I’ve been writing more and submitting a lot of stories this month and it seems to be paying off.

I received an acceptance email from Blood Song Books in my inbox for four of my drabbles to appear in their upcoming anthology, Curses and Cauldrons.

The stories are: Down the Rabbit Hole, The Keeper, The Witches Mark & Undersea.

Each is just 100 words but packs a punch in their own way I think.

I can’t wait to see this anthology in print. There’s nothing better than holding a copy of a book that has your work inside.

I Just Hit Publish!

I just hit publish on the kindle version of my short story Morrighan and I’m so impatient that I’m literally sitting at my computer compulsively clicking refresh hoping that it’s gone live in the last five seconds. And, finally it has!

So, why did I decide to publish a few short stories? Well, because I’m still working on the edits of The Winter Princess I wanted to share something instead of appearing idle to the publishing world. And hopefully build up a bit of a readership along the way.

The first story, Morrighan, deals with a retelling of the Arthurian Legends from Morgan le Faye’s point of view with a paranormal twist.

morrighan cover 2.jpg

It is available for purchase on Amazon and Smashwords for 99c.

Here’s an excerpt from the story…

The wind whipped through her hair, tossing the dark strands over her face and obscuring her vision. High above the sea, on the rocky crag the aerie was full.

Nemain settled on Morgan’s shoulder; the bird’s talons digging into the soft leather pauldron. She had become so used to it now that she didn’t even wince as the bird took its time hoping about on her shoulder before settling down.

As she turned her head and looked Nemain straight in the eye, the bird cocked its head to one side, its beady onyx eyes staring back at her. “Where are your sisters?” Morgan asked.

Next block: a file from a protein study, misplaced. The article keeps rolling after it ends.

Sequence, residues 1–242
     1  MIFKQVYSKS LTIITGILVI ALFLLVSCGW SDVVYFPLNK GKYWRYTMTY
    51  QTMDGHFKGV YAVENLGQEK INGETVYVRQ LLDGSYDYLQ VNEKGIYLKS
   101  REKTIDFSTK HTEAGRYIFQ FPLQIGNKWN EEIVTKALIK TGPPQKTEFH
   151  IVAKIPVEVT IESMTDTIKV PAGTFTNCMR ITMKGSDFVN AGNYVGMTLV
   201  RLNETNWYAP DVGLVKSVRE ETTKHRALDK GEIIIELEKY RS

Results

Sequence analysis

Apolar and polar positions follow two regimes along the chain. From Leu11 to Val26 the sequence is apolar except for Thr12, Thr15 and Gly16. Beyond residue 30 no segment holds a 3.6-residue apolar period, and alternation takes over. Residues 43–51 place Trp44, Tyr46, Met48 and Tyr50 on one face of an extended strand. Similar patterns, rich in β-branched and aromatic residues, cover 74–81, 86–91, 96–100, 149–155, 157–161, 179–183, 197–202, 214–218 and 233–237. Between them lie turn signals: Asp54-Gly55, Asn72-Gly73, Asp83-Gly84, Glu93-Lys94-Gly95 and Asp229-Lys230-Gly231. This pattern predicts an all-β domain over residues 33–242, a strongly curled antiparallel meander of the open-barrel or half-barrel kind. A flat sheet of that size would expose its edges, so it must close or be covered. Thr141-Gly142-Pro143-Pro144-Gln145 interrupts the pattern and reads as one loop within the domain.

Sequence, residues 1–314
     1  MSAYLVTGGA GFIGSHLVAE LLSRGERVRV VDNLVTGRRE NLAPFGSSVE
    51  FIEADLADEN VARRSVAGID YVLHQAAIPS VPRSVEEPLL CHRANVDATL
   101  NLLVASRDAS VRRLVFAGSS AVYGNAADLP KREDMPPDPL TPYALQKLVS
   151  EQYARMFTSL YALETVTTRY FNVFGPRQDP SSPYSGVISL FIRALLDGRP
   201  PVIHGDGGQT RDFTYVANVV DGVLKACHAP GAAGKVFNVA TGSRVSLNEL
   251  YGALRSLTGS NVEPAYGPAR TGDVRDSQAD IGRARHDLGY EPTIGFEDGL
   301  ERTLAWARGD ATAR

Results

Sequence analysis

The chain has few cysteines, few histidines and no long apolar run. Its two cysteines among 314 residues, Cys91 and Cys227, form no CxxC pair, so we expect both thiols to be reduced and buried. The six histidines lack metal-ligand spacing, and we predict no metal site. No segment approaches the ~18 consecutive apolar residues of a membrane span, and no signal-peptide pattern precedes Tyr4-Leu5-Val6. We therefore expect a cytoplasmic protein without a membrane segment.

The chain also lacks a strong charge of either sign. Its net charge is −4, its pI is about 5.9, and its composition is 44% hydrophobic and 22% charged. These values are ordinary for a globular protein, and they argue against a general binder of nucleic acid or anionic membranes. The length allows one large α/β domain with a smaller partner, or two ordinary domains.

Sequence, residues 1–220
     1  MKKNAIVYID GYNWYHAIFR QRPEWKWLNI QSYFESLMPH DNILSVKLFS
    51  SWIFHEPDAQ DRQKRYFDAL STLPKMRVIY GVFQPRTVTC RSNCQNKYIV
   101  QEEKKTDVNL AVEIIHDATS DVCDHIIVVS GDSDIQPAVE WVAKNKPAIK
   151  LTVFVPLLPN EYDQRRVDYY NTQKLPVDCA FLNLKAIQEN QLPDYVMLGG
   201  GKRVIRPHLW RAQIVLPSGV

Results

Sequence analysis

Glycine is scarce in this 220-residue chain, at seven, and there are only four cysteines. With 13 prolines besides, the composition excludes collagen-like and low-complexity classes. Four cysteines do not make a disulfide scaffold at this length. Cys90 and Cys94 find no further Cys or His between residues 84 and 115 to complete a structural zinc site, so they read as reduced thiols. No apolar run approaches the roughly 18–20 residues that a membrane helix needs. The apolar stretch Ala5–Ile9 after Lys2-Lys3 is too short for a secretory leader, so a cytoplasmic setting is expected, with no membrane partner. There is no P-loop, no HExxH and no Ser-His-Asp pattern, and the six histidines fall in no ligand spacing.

Nemain cawed once before raising one wing upwards, just as two more birds few in, circling once around Morgan’s head; the beat of their wings echoing in her ears. Badb and Macha landed one after the other on the leather gauntlet that covered her left arm from her fingertips right up to her elbow.

Smiling, Morgan gave a brief nod to each bird in turn. As she picked up the reins in her right hand, she nudged the dapple grey gelding on with her thighs, while being careful as she navigated her way down the steep path, that that had been worn into the cliff face after years of repetitive use and headed across the field for home.

It was true that she could have spent all day up at the aerie, looking out at the sea below while observing the hatchlings, but Morgan knew if she did she was only putting off the inevitable. That eventually she would have to see Arthur, and while she quite enjoyed the solitude, in having only the birds for company, she feared his wrath more.

Arthur, like most fey, was deathly afraid of birds, ravens in particular. It was said to see one was a bad omen, to lay eyes on three signified one’s own death. So superstitious was Arthur that when he and Morgan had been presented the murder of ravens as a wedding gift he’d threatened to spill their blood then and there in the reception hall.

What had been seen couldn’t be unseen, however; Arthur was destined to die.

Had it been anyone else but the Queen of Camelot’s kin that had presented such a gift to the newlyweds, the lives of Badb, Macha and Nemain, wouldn’t have been spared at all.

Pressing her thighs to the gelding’s flanks she worked him up to a trot before she gave the animal its head and allowed him to lengthen his stride until he was pacing at an even canter. Spying Arthur not far from the castle she brought the horse under control, knowing full well what was in store for her, should feathers wind up shedding on his clothing.

Bringing the ravens out of the aerie at dusk was not entirely wise, but Morgan was never one to play by anybody else’s rules but her own.

“Those creatures belong in the aerie not out here by castle walls,” Arthur said facing her.

“And fey belong in children’s story books,” Morgan spat.